Caroline O’Donnell’s Ithaca-based studio, CODA, is preparing to build a towering pavilion in the courtyard of MoMA PS1 in Queens out of scrap from the manufacture of skateboards. O’Donnell talked to AN when the pavilion, called Party Wall, was unveiled in January, saying, “There are eight different kinds of skateboard forms, and each board has its own errors, which produce surprising effects.”
CODA has now released a stunning video rendering showing Party Wall peeking over the walls of the PS1 courtyard adjacent to landmarks like the graffiti-covered Five Pointz building across the street. It suggests how the crowds that flock to MoMA PS1 each summer might interact with the structure showing benches also made from scrap wood. (Plus, an easter egg: check out what the pavilion’s shadow spells at the 1:40 mark!) Party Wall will open in late June and we’ll be sure to see you there!
Pharrell Williams recently sat down to interview architect Alexander Gorlin and artist/designer Daniel Arsham of Snarkitecture. They discussed their influences and creative processes. The conversation took place in Gorlin’s apartment in his eponymous building in Miami. As Pharrell noted, “We’re sitting in your idea right now… That’s deep.”
A new video released by LA METRO gives us all a much clearer conception of the construction sequencing of the Regional Connector, the 1.9 mile downtown underground light rail line that will connect Los Angeles’ now-dispersed Gold, Blue, and Expo lines. The $1.3 billion connector, funded largely by 2008’s Measure R sales tax increase, is set to begin construction later this year. It will travel primarily under Flower Street and 2nd Street, and is set to open by 2019. Movement of utilities around the line began in December. Yes, more transit in Los Angeles. This is really happening!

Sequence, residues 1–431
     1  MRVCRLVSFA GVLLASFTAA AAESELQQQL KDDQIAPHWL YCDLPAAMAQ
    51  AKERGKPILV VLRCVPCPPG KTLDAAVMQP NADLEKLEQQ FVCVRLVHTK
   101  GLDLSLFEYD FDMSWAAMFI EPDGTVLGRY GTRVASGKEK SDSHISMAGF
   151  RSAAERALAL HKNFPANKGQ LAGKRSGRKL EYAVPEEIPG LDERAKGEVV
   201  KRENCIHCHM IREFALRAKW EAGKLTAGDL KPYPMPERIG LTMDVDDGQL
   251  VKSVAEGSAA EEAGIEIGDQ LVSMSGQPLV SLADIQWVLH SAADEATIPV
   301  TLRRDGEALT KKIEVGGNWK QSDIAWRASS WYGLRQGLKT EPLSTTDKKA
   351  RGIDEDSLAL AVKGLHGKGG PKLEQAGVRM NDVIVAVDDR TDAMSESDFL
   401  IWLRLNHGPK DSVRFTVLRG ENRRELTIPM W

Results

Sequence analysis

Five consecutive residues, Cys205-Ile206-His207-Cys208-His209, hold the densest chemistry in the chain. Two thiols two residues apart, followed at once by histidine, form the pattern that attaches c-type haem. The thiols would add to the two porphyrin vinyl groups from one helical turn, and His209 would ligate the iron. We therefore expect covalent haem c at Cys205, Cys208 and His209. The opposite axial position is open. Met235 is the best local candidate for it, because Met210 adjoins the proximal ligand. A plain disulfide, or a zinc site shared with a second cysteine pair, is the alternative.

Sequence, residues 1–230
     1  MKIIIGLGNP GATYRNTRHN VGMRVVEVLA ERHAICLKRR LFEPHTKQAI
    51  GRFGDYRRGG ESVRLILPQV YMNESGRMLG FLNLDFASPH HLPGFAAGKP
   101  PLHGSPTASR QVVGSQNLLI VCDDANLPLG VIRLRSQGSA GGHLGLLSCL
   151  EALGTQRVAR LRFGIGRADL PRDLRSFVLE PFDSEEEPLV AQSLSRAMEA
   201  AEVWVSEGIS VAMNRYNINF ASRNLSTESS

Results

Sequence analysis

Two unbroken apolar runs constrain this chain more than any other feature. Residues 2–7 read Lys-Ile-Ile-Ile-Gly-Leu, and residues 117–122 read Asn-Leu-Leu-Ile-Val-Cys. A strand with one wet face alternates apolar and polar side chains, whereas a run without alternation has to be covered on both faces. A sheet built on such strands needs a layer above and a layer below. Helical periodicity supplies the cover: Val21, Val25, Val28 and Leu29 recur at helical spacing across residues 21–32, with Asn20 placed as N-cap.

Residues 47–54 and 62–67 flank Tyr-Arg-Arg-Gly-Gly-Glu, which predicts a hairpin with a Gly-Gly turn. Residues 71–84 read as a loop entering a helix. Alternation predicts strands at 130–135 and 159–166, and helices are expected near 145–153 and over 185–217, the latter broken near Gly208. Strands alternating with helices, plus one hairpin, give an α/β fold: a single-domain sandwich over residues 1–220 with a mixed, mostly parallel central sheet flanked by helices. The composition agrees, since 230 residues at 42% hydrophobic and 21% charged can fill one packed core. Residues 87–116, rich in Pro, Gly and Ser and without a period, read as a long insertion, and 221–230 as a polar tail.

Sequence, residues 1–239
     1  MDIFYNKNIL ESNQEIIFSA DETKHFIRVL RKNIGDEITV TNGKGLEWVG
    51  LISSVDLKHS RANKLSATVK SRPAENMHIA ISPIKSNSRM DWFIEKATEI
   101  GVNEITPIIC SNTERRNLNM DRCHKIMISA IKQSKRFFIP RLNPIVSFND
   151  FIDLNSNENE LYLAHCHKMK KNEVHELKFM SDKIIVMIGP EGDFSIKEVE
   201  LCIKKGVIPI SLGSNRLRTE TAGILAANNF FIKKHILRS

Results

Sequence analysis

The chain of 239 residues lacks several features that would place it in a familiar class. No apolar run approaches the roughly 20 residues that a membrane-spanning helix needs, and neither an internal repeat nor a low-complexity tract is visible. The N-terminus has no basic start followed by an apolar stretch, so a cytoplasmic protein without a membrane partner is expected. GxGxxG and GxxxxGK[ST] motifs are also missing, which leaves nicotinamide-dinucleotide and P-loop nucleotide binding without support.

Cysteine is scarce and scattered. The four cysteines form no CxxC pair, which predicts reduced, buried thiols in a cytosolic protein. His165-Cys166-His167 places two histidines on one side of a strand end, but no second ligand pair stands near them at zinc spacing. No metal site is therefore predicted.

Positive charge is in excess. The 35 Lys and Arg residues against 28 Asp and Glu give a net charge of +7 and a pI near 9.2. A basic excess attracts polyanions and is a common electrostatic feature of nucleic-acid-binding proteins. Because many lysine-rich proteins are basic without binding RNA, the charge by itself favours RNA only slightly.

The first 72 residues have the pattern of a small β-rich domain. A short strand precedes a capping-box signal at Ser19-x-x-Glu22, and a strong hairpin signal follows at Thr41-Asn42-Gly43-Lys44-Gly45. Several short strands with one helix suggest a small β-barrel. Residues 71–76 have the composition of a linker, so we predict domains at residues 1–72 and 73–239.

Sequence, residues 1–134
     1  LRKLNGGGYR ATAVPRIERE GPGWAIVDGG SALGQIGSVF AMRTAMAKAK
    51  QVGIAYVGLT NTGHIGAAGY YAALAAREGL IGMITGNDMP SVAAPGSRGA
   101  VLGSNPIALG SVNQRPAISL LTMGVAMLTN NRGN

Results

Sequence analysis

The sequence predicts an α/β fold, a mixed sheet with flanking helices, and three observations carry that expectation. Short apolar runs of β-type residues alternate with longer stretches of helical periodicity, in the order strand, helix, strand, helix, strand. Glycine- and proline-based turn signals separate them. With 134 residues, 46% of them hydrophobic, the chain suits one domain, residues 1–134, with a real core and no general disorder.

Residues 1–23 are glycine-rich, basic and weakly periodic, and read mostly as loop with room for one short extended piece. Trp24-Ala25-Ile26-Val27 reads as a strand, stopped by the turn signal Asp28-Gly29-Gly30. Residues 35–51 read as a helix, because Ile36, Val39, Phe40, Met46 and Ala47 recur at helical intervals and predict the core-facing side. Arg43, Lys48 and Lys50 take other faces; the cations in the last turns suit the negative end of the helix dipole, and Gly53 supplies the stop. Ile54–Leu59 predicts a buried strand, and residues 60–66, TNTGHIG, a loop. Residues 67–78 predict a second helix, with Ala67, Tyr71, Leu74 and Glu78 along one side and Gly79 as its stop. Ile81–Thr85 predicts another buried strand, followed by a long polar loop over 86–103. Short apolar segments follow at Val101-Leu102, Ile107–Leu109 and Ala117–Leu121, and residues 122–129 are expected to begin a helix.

There’s a new couture addition to PROXY, the temporary shipping container village in San Francisco’s Hayes Valley, designed by architects Envelope A+D. Adding to PROXY’s cool coffee shop, ice cream parlor, and Biergarten is a new store for clothing company Aether, made up of three forty foot shipping containers stacked atop one another, supported by steel columns. The guts of the first two containers have been carved out, making a double story retail space, with a glass mezzanine above jutting to the side, providing display space and views. A third container for inventory storage is accessible via a custom-designed drycleaners’ conveyor belt spanning all three floors. Workers can literally load garments from the ground floor and send them up to the top.